This is a little ditty from the November 16, 2011 issue of the DesertNews:
"A Salt Lake County constable and his wife have been charged withaltering a police report to downplay an officer's use of force.Silvan Warnick, 55, and his wife, Alanna Warnick, 53, both werecharged Tuesday in 3rd District Court with tampering with evidence, a third-degree felony." 
In Colorado, the punishment for being convicted of a third class felonycan range between 4-12 years of imprisonment, and anywhere between a$3,000 to a $750,000 fine. Tampering with police evidence is serious business,and constitutes a serious crime. When this type of crime is committed by a lawenforcement officer or officers, the breach in the public's trust is devastating.When it's committed by those in positions of leadership within the lawenforcement community, the damage can be immesurable.My coverage of the Grand County Sheriff has opened a floodgate andthe water is just now beginning to rise about his feet. The corruption andlawlessness is blatant. It is pervasive. It is dangerous. It is so bad that other lawenforcement agencies are aware of it and are trying to avoid dealing with it.They're not going to be able to do that for much longer.If I told you it was standard operating procedure for the Grand Countysheriff to alter police reports and other documents after the fact, you'd demandproof. We're talking about a possible felony offense here, and this is a seriousallegation. Well, not one to disappoint, here's a direct quote from a former undersheriff of Rod Johnson with regard to records:
"But, ah, we try to keep our business in house. Because, ah, there'scheckboxes and we give very limited information to the county we don't really want them to know. We've got information in our personnel files that they don't have access to which they'd love to. They don't get them, that's the sheriff'sthing. So, uh, I think on a couple of them we even went back over them and changed some things uh, ya know because, uh, what we have in our file and what they have over there are two different things. Only because we don't want them to have dirt on us over there."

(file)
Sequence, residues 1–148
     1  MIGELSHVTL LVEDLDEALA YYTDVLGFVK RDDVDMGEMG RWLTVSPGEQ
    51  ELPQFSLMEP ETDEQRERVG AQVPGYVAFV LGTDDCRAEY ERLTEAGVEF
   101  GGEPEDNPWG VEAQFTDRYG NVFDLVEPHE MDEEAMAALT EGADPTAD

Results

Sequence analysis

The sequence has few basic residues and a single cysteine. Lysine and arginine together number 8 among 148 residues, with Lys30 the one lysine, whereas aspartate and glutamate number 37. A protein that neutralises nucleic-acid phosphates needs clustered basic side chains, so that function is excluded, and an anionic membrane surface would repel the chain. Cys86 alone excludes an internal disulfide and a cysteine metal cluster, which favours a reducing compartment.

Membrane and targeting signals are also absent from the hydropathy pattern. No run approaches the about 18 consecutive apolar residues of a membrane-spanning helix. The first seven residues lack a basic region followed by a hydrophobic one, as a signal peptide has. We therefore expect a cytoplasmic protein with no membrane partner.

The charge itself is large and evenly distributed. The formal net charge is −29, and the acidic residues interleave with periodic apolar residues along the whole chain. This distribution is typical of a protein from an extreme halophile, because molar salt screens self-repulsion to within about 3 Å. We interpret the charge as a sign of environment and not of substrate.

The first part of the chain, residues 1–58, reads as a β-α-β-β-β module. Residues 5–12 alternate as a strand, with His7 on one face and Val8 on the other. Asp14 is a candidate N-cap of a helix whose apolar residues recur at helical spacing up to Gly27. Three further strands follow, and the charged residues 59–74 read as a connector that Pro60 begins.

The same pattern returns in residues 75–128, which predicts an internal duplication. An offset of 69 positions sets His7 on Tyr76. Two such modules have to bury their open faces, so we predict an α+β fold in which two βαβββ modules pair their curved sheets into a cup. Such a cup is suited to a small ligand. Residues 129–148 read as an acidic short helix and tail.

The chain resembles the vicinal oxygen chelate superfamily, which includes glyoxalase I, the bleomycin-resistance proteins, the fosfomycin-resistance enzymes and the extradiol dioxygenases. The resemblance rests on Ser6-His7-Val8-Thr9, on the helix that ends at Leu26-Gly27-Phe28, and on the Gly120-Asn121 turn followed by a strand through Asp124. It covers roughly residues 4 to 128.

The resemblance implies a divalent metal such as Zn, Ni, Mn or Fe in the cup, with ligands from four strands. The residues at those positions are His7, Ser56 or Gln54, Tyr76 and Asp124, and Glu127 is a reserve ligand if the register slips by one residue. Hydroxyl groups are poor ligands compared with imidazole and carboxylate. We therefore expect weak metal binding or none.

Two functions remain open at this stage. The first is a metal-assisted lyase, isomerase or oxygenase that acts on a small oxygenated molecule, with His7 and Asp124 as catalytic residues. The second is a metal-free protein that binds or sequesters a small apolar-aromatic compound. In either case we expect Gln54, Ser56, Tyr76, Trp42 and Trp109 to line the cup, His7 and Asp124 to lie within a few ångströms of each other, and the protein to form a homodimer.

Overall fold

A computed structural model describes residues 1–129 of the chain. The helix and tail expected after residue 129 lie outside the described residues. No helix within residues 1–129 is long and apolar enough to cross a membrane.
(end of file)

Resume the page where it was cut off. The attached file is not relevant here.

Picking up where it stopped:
The above "dirt" was obtained on strict condition of anonymity, and is atranscript from a recorded conversation. There's more though. I've beenapproached by numerous sheriff's department employees, again on condition of anonymity, about the state of records-keeping by our illustrious sheriff.According to them, being ordered to alter police and incident reports after thefact is standard operating procedure.The impact of altering police reports on the accused can bedevastating. It can enhance the charges they face; increase potential jail andprison sentences; and cause permanent, irreversible damage to a person'sreputation.So where is our DistrictAttorney (DA) in all of this? Why hasn't shetaken action to investigate what is common knowlege to just about everyone inHot Sulphur?A quick search on Google opened up a whole other can of worms.I contacted the author of a very scathing article, and was givenpermission to reprint it. It's offered for historical reference, and to provide moreinsight into the dysfunctional inner-workings of the judicial aparatus in GrandCounty.At the end of the day, holding your nose and checking the box "for theteam," may not be in your own best interest when it comes time to vote.